Kimberly Wingfield: Philly Real Estate Agent
Kimberly Wingfield

What Should My Home Improvement Projects Cost? And How Do I Hire A Trustworthy Contractor?

By now, most regular readers of this blog are well aware that I’m a big fan of rehabbing homes to give them a new lease on life – either on a DIY basis or with a 203k mortgage to roll all home-improvement related costs into the overall price of your house.

Whether you’re rehabbing a home from the ground up or just in need of some typical homeownership-related contractor assistance, one major sticking point is cost. If you don’t regularly deal with contractors in your area, how do you know what a fair price is for a given job? How do you know the contractor is likely to be trustworthy? Is there an objective metric to help guide you through?

In short: YES! is my personal favorite site to give anyone an idea of what a given price should be for a particular task – just search for the job you have in mind, add your zip code, and the site will give you a range of prices from low end to high that you can expect to pay. This is a FANTASTIC way to compare and contrast any quotes you’re given by a pro for their services, and it should be noted that you should always solicit a minimum of three to five quotes from different contractors for their services before settling on a given outfit to help you.

When hiring a contractor, bear these things in mind:

  1. If the contractor tells you something that doesn’t make sense to you – or seems totally frivolous – and can’t give you a clear, concise explanation as to why a certain service or step requires professional assistance, run the other way. For instance, I’ve had one condescending jerk tell me that simply determining which circuits go where in my 900 s/f house would cost $900 – and it was going to be totally necessary to complete any other work that I needed. Needless to say, he didn’t get the job. I had another condescending moron tell me that somehow 1/4″ drywall wouldn’t be a good replacement material for my ceiling; 1/2″ material would need to be used, thus rendering my ceiling weirdly uneven at the halfway point. (I’d previously had some mold remediation done, and needed half the ceiling replaced after the original plaster had been removed.) This guy was obviously trying to pad the job by ripping down the other half of my ceiling – and tried a number of other shady and condescending tricks before I asked him to leave. Both of these contractors had decent ratings on places like Yelp and Angie’s List, so it just goes to show you that while those reviews can indeed be super-helpful, (and I would NEVER recommend hiring a company with consistently poor reviews,) your experience may not be as rosy – and it’s important to trust your gut on these things. Always bear in mind that Einstein once said “It should be possible to explain the laws of physics to a barmaid.” If someone who does a certain job for a living can’t explain what they want to charge you hundreds or thousands of dollars to do in a clear way that makes objective sense, they’re either liars or they don’t understand their profession very well. A good contractor will always explain what they intend to do and how they intend to do it like you’re a reasonably intelligent adult. Never settle for anything less!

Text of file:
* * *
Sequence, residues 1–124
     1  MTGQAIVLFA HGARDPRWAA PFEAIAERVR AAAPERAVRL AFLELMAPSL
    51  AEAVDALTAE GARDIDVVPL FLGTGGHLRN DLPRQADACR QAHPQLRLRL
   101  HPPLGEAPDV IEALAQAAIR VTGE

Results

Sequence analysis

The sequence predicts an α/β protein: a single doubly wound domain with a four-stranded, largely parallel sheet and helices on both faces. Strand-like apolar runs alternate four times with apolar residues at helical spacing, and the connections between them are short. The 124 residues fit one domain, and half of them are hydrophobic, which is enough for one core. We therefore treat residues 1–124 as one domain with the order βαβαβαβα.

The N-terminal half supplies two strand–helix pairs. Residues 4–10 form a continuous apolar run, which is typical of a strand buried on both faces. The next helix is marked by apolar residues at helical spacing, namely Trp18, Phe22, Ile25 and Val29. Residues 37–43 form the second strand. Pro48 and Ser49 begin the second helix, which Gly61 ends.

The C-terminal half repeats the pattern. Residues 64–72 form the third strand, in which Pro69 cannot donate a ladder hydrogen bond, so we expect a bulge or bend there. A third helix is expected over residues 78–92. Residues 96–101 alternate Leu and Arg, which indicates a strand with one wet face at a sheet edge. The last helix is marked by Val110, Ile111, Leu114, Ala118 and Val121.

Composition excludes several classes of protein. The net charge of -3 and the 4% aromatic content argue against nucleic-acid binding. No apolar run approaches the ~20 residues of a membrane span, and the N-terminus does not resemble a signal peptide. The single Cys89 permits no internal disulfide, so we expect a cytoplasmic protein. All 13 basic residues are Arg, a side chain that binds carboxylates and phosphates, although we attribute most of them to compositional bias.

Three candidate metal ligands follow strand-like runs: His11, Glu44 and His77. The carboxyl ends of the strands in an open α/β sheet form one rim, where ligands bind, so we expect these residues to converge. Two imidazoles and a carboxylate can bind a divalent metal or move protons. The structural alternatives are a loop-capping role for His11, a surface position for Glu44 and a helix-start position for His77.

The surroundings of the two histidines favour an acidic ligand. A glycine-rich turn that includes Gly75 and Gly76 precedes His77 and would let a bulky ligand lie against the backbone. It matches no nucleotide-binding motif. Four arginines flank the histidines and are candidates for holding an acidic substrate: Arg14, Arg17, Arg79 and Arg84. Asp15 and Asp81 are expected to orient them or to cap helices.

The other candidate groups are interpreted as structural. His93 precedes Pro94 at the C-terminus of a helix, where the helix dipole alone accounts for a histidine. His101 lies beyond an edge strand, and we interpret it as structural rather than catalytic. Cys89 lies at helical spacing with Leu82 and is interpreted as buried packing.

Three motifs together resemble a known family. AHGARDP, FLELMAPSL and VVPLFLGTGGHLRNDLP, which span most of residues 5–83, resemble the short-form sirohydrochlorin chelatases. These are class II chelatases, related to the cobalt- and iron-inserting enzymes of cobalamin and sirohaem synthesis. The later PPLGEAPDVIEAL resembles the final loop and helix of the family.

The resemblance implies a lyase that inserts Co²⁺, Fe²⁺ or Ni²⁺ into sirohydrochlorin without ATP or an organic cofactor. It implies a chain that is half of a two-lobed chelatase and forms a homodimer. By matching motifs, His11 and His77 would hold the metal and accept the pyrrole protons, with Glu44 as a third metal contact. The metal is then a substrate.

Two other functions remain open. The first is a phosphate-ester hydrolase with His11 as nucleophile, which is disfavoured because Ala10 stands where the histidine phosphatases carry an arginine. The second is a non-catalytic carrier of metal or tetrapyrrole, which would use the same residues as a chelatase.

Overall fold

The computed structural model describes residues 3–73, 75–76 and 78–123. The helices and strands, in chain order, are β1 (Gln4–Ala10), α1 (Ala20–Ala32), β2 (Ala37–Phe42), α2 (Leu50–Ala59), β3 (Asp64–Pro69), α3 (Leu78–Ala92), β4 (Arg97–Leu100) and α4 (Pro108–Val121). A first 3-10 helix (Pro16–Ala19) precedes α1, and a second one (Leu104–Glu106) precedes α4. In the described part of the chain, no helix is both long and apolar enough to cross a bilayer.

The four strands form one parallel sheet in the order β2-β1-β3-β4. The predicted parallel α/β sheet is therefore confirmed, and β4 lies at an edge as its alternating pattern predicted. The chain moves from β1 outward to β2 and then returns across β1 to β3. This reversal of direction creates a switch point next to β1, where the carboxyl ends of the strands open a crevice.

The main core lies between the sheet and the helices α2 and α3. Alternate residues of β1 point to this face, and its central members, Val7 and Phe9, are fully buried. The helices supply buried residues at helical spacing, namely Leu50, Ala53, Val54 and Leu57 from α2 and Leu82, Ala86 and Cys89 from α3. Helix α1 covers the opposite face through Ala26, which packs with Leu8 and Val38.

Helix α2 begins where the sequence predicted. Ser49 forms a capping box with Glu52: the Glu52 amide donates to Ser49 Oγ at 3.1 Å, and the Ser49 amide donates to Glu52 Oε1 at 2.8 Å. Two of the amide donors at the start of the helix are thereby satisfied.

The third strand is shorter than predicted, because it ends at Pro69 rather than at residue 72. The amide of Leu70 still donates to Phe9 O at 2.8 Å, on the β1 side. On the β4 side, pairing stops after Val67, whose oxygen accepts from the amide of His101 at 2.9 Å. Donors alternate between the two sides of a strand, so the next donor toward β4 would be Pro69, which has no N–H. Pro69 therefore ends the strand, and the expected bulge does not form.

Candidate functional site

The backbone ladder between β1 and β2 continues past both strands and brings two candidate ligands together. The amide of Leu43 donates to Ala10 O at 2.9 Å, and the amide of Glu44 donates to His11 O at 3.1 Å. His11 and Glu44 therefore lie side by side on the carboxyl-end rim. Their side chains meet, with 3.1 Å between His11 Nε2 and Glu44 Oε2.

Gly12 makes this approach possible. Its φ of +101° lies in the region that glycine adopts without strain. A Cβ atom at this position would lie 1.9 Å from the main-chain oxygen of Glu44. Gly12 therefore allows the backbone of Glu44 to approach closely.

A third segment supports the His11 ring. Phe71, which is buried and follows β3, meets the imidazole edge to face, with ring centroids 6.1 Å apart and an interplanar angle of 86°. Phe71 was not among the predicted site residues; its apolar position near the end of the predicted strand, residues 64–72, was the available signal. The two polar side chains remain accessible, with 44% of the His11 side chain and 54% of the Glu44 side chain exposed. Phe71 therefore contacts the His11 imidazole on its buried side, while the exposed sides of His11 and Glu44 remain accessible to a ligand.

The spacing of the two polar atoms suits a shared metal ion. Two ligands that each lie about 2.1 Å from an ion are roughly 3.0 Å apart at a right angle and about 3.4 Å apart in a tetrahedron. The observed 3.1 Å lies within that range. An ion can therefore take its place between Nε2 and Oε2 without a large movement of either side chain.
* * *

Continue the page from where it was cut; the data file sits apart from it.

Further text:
2. Quotes for most homeowner-related jobs should always be free. If the work is straightforward and objective in nature (replacing an electrical panel, demolishing and removing plaster, patching a roof, replacing tile, etc,) a contractor should be able to look at the extent of the work involved in your particular situation and tell you what they would charge to fix or replace something.
  3. Your contractor of choice should always be licensed and insured by the proper state governing body, and should ideally have solid customer reviews on Yelp, Angie’s List, and/or As I mentioned earlier, even well-reviewed places may not necessarily always deserve their accolades, but those review sites are usually a decent way to weed out the places that’ll just waste your time and money.

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About Kimberly Wingfield

Picture of Kimberly Wingfield

Kimberly Wingfield

Real Estate Agent

267-530-5641267-530-5641 main

Virtual Realty Group

1418 Robinson Rd, Havertown, PA 19083


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